Passing through

“A visitor is the greatest blessing.” – Proverb of the Afghans Georgians Chinese Arabs ???

I really can’t remember which country I heard that in, but it was somewhere in this part of the world. Over-the-top hospitality is considered characteristic in the Caucasus, Middle East, China, and Afghanistan (at least).

I used to puzzle over how such a tradition would evolve in these regions. When you are poor, as so many have been, why would you welcome a guest – another mouth to feed, another person consuming your scarce water, taking up one of your beds?

Then I realized that these countries are all on major trade routes – the Silk Road and the Arabian Gulf. And when you live on a trade route, you learn the value of all kinds of commodities.

In Dubai, we’ve had lots and lots of visitors. It’s one of the things I like best about living here – because Dubai is such a hub, our friends are often flying through, or come here for a break. We even set up a guest room, the first time in my life I’ve had an actual space devoted to visitors.

Last night our friend John called from the airport and said he had six hours between flights, passing through from Kabul on his way to East Timor. He wondered what I was doing for supper, and whether he could take anything to Tom in Dili for me.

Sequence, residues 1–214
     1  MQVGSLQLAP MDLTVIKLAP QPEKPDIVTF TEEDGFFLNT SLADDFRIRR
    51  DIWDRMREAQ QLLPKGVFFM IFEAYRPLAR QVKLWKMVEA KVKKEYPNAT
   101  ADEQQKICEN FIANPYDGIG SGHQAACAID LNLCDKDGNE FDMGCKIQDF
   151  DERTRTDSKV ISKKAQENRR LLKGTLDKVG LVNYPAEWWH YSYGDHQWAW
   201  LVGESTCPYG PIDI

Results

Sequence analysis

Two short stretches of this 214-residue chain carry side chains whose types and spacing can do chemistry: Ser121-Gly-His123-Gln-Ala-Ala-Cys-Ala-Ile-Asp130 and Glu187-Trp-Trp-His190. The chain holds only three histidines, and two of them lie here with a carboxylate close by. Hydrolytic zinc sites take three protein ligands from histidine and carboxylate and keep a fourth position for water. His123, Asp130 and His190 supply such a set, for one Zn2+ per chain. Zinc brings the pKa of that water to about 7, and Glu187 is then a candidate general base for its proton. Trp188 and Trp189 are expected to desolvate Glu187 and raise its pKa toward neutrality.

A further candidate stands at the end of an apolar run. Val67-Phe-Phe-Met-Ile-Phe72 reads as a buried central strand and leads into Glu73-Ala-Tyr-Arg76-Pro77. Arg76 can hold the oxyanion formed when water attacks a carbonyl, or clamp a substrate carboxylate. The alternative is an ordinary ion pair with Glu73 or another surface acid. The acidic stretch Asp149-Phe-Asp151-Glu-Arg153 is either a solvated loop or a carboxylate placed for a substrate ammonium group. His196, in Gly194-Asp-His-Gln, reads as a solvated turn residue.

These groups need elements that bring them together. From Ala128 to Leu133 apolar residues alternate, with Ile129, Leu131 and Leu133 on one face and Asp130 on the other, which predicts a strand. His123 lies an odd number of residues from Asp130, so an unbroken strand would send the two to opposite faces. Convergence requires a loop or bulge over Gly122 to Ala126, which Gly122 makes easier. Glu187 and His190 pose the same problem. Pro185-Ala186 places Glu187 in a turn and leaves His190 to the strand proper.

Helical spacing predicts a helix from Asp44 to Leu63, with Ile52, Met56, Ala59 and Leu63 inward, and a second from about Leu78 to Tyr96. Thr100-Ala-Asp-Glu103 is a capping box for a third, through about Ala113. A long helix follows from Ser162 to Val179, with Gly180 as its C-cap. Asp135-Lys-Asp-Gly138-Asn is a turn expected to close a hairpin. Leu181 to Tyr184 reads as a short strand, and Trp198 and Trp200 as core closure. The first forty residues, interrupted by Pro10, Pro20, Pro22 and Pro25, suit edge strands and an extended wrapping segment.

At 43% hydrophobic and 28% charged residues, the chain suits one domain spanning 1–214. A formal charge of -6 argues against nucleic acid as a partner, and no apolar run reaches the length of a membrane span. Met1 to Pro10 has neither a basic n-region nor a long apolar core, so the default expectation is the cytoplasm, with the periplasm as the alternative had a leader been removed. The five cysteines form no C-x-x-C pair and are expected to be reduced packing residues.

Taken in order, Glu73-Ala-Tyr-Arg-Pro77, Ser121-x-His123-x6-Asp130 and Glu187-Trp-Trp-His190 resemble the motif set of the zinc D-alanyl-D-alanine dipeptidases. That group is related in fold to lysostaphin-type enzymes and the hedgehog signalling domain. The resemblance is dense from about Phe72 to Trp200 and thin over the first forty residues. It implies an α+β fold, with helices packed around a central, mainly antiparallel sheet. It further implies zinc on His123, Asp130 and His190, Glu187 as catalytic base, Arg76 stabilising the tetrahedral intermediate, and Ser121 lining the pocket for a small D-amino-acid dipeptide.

So he came over and we traded commodities: He took a shower, borrowed some clean clothes, had a few beers. He helped me cook dinner, showed me a great photo from Afghanistan of him with some of the boys, agreed to take Tom his headphones and a bottle of Scotch.

We exchanged news and gossip about the same topics that we usually cover with guests: Afghanistan, the deteriorating Middle East, the media world. He listened sympathetically as I groaned about the hassles and grief of packing up and moving countries again. We shook our heads at how difficult it is to make friends in big cities. And I told him how glad I was to have company in these last, sorrowful days in Dubai.

He waited to the very last minute to leave for the airport. We were still gabbing as I walked him down to the street. I stood on the sidewalk and watched even after his taxi pulled away.

Visitors are a blessing because they bring you things from afar, things you need to survive and things that make you know you’re alive.

Spices. And silk.

5 thoughts on “Passing through

  1. It has been our family tradition, too, to devote ‘space’ to visitors.

    A visiting African priest related the cultural tradition in his area to never ask visitors where they are from, lest the quality of the welcome given to them might be lessened as a result of that knowledge.

  2. Ajmal, yes it is horrible how you got stuck at the airport. It’s another case like what I described in the post “The market drives” – so many people want to work here (Afghans, Pakistanis, Indians especially) that they consider all of you suspect — even though you had a US visa for graduate school!!

    As though you would want to stay and work like a slave in Dubai rather than get an advanced education in the US…. really stupid.

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